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AP CEO Curley Talks Free Press

tomcurleyheadshot.jpgThe Associated Press‘ president and CEO Tom Curley spoke before the Kentucky Press Association today, emphasizing the importance of the Freedom of Information Act and a free press.

Curley focused on the AP’s insistence on gaining access to federal documents, and going to court to get access when necessary. “AP went to court in nearly 40 cases in the past year, either by itself or in collaboration with other news organizations, to clear the path to information or proceedings the public was entitled to hear about,” he said.

After listing some of the many cases where the AP has successfully fought for the right to access to information, Curley also touched upon the importance of fighting for laws that will keep access to that information available:

“In these changing times, all the old rules and all the old tools still apply…shoe leather, digging, developing sources, skepticism, shrewdness and intuition. And these days we also can make use of new tools..databases, statistical analysis, social networking, and all the research skills it takes to extract newsworthy information from them.”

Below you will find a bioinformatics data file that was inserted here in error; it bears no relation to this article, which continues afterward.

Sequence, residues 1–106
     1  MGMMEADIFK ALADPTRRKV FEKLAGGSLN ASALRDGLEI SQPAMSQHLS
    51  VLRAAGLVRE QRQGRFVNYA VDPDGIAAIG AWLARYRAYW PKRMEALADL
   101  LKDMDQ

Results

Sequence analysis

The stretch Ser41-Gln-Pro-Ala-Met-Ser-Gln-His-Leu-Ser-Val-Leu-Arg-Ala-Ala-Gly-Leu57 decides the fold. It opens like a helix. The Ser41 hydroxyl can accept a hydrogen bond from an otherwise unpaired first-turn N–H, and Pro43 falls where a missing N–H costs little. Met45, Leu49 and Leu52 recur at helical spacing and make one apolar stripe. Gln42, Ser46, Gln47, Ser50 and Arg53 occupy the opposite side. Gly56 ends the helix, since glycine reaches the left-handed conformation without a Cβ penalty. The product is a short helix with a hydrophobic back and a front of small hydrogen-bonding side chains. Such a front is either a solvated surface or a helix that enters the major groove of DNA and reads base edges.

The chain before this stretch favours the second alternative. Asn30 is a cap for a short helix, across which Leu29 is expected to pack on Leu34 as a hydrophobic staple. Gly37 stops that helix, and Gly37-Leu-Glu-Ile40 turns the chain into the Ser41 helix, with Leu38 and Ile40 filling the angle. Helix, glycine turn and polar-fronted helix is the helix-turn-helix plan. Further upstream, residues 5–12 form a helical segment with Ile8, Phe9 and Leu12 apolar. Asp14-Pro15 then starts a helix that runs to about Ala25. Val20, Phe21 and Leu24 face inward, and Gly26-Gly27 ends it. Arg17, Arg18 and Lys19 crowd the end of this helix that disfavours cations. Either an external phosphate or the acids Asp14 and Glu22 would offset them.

He continued:

“There’s one other important item in the journalistic tool kit we usually don’t discuss in settings like these and too often take for granted. They’re the laws of the land — the First Amendment certainly, but also the many hundreds of statutes and the many thousands of court rulings that give reporters and everybody else the right to find out and talk or write about what our governments and our political leaders are up to.

Using law to obtain access to the news is journalism by other means. Influencing the development of the law so that it favors open government is a crucial part of what keeps a free press functioning.”

Freedom of the press is as important today as it’s always been, and perhaps even more important now that there are so many more news outlets to choose from. With so many journalists in the fray, there’s no excuse for not fighting for access to important documents that the government and its leaders would rather we not uncover. But the little guys — bloggers, citizen journalists and even small town papers — can’t do it alone. Big new organizations like the AP have the resources to push the FOIA issue, bring hidden facts to light and fight for the rights of the press as a whole. Although Curley highlighted the role that the AP has played in this up to this point, he mentioned that non-profit organizations may pick up the mantle in the future:

“And it may turn out that as the online news industry takes further shape, the model that works might be one or more free-standing not-for-profit entities whose mission would be to advance the law of free media and open government through litigation and lobbying.”

Read more: The full text of Curley’s speech

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